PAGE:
In the context of bargaining power, Piketty discusses the battle between the monopoly power of unions and the monopsony power of employers. Monopsony power comes from firm-specific human capital and limitations on geographical mobility. If an employer is in fact a monopsony, fiscal redistribution would simply allow employers to lower wages, negating positive effects. He talks about low wage opportunities disappearing (underemployment and lower participation rates) starting in the '70s, offering explanations like incarceration. He also notes increased inequality since 1970 may be due to skill-based technological change, where new technology places a premium on previously untapped skills. However, more broadly, he notes that the standard of living was roughly 10 times higher in 1990 than in 1870, undeniably due to increases in the productivity of labor.
Piketty highlights that, due to the inter-temporal nature of credit markets, issues such as adverse selection, moral hazard, lack of borrowing credit data, concentrated ownership, and political risks may impede international capital flows, slowing convergence between poor and rich countries. He says that credit rationing as a solution has often failed for lack of direction on how to allocate, and that granting land and capital (redistribution) has been more successful. Additionally, Piketty attacks the "Kuznets inequality curve," which says that inequality is high when countries are in the early stages of development but then converge thereafter, for the lack of any natural mechanism to support it.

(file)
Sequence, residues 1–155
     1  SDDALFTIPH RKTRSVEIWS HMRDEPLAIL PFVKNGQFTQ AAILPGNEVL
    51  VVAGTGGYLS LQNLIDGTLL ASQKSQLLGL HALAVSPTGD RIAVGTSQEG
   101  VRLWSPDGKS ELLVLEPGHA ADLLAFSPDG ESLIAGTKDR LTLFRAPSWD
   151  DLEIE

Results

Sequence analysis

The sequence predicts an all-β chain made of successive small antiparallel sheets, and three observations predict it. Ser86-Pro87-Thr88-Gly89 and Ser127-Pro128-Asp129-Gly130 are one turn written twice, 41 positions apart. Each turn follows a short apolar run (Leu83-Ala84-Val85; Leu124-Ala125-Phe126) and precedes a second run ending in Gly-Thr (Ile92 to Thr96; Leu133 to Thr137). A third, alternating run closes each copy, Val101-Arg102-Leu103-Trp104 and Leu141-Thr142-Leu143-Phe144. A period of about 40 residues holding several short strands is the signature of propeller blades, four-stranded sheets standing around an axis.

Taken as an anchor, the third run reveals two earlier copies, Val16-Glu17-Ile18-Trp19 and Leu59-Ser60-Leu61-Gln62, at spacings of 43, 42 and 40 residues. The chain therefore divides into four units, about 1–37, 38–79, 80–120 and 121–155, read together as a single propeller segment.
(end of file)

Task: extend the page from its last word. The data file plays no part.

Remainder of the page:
Regarding education, Piketty states that compulsory education should have large effects on human capital, but more funding/resources may not impact generational mobility if family well-being is a benchmark for individual success. In other words, if inequality is sourced at the family level, throwing more money at education may be in vain.
Towards the end, Piketty touches on Keynesian stimulus, saying tax and spend may be useful for redistribution but as stimulus it's on shaky theoretical grounds. He seems to acknowledge and accept the "stickiness" of wages and prices, but rejects the paradox of thrift, stating that purchasing power is nearly always consumed or invested in some way. Thus it doesn't matter if the wealthy are investing or the poor are spending, tax and spend doesn't logically provide stimulus. However, he points out that the makeup of consumption (i.e. the industries stimulated) may matter, but notes that stimulus tends to be short term. For deficit stimulus, he notes that the return on capital may increase as the stock of public debt grows (presumably from a crowding-out-type effect), potentially resulting in undesirable upward redistribution.
Overall, particularly in the first half of the book, Piketty creates an easy to follow flow from theory to empiricism and back. The step-wise process is reader friendly and is helpful for understanding how external effects of policy ripple from one area to another. I really appreciate the fact that he often restated free-market arguments in full, committing serious time to ensuring the reader understands both sides of the discussion...an intellectually honest strategy that my have been lost a little in Capital.